When it comes to treats you can share with your dogs, fruits are a delicious and nutritious choice for both people and pets. Many fruits work well as easy, simple treats in addition to your dog’s healthy diet, but what about pineapple?
There’s good news for pineapple lovers who are curious if this tropical delight is safe for dogs. I’m happy to report that pineapple is a healthy, sweet, perfectly safe treat for dogs—with moderation. Let’s dive into the benefits and cautions of pineapple for pups.
Are Pineapples Safe for Dogs?
Let’s start with some positive aspects of pineapples. Pineapple is an excellent source of vitamin C (also called ascorbic acid). Just one cup of pineapple contains 80mg, which is a full day’s worth for us humans. Pineapple is also full of vitamin B1 (thiamin), vitamin b6, and dietary fiber, making it a worthy treat for dogs. The pineapple is also packed full of nutritious minerals, including iron, magnesium, and potassium. In pineapple, you’ll also find bromelain, an enzyme that aids digestion, reduces inflammation, improves healing, and fights cancer.
But, while pineapple packs a lot of punch, it does have some downsides. For us humans who cannot produce vitamin C, pineapple is a great source of the vitamin. Dogs, on the other hand, do not require much vitamin C added to their diet because dogs (and cats) produce vitamin C naturally. Another drawback that might make you reconsider sharing pineapple with your dog, sugar. Pineapple is loaded with natural sugar (fructose), which can irritate a dog’s GI. So, while pineapple is generally safe for dogs, it should be limited to only an occasional treat–and no more than a few bites a day.
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Pup prep: To serve pineapple to your dog, cut up raw, fresh pineapples in bite-sized chunks or sticks.
For a cooling treat during the summer, go with frozen. Frozen pineapple contains many of the same nutritional benefits as fresh, but it’s easy to store and perfect for the occasional treat year-round.
As with any new food, introduce pineapple slowly and in small quantities. You might find your dog doesn’t like the smell or taste of pineapple–not all dogs do! If your dog doesn’t take to pineapple, there are many more dog-friendly superfoods to try.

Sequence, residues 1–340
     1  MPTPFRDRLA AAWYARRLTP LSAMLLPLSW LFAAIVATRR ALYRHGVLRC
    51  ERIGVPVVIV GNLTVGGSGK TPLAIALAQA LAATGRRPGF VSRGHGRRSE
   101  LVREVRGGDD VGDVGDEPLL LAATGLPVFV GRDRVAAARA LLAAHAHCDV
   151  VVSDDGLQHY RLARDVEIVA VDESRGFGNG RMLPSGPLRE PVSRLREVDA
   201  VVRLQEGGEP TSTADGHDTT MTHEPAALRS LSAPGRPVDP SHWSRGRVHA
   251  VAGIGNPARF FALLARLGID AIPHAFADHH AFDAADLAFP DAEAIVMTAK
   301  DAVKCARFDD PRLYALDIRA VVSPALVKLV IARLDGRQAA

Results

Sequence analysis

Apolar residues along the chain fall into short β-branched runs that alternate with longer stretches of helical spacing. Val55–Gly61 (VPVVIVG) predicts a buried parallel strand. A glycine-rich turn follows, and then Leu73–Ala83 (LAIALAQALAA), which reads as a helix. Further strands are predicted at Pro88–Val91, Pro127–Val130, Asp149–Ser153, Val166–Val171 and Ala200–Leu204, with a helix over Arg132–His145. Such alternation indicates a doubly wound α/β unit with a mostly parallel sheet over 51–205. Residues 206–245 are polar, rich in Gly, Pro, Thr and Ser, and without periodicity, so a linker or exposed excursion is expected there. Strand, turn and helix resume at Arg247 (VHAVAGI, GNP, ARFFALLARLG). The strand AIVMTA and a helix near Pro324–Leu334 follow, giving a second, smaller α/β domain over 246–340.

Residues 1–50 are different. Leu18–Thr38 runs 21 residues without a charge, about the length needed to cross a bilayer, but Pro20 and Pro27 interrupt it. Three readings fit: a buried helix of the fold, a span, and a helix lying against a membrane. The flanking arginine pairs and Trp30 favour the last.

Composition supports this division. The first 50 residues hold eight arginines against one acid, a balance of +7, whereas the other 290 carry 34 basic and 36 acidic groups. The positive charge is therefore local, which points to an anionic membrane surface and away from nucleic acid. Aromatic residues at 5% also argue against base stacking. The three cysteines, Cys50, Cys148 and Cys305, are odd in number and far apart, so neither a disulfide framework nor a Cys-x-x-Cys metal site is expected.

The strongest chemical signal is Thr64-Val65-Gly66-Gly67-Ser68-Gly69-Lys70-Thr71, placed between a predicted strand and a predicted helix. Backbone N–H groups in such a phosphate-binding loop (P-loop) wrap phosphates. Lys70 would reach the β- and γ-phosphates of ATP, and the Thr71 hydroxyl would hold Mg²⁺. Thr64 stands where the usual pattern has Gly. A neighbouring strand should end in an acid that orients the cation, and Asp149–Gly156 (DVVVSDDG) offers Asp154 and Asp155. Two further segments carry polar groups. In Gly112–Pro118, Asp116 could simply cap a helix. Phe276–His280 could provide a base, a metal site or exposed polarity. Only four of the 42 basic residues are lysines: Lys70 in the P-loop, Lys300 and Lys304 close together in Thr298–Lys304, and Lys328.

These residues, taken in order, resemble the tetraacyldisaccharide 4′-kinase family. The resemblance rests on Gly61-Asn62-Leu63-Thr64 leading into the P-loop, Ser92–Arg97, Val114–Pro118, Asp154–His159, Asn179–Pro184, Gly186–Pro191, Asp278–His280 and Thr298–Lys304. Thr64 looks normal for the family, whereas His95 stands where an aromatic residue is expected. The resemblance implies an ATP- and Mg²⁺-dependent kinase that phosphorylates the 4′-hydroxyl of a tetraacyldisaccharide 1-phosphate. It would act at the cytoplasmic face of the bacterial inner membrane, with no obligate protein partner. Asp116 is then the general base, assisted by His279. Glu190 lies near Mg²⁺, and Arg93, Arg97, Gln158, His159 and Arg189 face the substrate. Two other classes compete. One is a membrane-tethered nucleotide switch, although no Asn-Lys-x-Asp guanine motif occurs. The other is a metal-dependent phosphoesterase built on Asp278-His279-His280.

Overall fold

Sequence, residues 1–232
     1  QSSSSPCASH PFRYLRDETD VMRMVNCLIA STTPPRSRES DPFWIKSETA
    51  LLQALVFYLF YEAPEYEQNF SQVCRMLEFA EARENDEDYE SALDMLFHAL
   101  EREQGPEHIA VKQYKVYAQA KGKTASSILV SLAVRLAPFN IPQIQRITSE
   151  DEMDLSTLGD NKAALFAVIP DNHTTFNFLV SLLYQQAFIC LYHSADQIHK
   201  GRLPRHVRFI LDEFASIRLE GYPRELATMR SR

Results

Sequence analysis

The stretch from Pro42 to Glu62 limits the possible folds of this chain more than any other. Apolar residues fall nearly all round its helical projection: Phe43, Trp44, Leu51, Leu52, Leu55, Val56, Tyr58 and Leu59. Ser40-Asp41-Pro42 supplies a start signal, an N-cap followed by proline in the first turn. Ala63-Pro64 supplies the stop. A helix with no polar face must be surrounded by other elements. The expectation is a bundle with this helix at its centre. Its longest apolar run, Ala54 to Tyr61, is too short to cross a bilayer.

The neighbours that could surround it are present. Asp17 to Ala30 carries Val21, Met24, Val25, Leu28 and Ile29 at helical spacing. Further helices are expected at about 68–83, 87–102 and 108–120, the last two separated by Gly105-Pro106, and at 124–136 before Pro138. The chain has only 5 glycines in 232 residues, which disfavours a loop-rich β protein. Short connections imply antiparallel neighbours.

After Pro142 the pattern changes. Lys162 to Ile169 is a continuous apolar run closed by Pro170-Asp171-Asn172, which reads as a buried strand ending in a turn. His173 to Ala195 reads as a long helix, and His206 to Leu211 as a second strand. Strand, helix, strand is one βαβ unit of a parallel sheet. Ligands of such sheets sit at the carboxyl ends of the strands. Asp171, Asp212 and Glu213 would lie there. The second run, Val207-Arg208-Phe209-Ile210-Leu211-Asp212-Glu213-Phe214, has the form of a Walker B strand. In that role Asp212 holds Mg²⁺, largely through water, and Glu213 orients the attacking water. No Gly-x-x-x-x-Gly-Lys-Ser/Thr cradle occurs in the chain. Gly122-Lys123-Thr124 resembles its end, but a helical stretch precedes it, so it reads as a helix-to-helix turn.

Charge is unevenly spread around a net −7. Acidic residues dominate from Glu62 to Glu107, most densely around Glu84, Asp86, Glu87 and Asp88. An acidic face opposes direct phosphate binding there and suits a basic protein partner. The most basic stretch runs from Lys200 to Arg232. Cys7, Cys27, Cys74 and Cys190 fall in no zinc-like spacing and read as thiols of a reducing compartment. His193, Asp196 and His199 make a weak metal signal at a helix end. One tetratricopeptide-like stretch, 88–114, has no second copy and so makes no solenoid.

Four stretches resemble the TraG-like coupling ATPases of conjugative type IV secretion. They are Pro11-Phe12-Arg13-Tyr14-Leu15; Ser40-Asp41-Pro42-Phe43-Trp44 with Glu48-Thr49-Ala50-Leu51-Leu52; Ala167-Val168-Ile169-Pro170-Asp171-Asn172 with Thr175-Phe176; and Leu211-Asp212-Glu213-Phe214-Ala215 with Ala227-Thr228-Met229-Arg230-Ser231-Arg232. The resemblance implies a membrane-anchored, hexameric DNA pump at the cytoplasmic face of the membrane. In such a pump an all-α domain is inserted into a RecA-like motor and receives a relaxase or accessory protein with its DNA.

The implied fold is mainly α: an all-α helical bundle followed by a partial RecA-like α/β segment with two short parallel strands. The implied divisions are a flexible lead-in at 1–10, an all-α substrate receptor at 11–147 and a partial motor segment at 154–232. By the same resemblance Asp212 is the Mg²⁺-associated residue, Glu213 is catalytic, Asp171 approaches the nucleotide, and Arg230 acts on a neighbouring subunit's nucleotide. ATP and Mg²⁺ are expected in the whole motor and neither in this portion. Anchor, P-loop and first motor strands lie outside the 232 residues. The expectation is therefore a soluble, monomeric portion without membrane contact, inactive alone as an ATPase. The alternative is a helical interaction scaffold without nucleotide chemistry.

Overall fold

A word of caution: avoid canned pineapple. Most canned pineapple is packed in sugary syrup which can irritate a dog’s digestive system leading to diarrhea or vomiting.
Having a puppy can be an exciting and enjoyable time for any family, but not all puppy breeds are created equal. Each puppy breed has its own quirks and characteristics that make it more or less apt to certain behaviors. Puppies require training just like young children do, and puppies require puppy training just like small children do. Proper puppy training early on, establishes good habits and helps the puppy become a well-mannered adult dog. This article will help you understand some of the basic needs of a puppy, and how you can best provide for those needs so that your puppy can grow up to be a responsible, well-adjusted adult dog.
Puppy breeds that have been fully tested by their veterinarians and found to be healthy and temperamentally sound, usually do well in families with just one parent. However, there are still some exceptions, and certain breeds are much better suited for large, busy families with children. Some of these breeds include German shepherds, Golden Retrievers, Labrador Retrievers, Rottweilers, and Great Danes. Puppy breeds that have been proven to be obedient, controllable, and friendly toward people also do well in families with small children. These include Labrador Retrievers, Miniature Schnauzers, Yorkshire Terriers, and Chihuahuas.
You can purchase puppy training classes at local puppy mills, dog shows, and from your local pet store. Puppy breeds that have received extensive puppy training know how to behave around peoplewhere they should go to eliminate, and how to keep their habits under control. Puppies that go to puppy training classes are much less likely to get into trouble as compared to those that don’t undergo such training.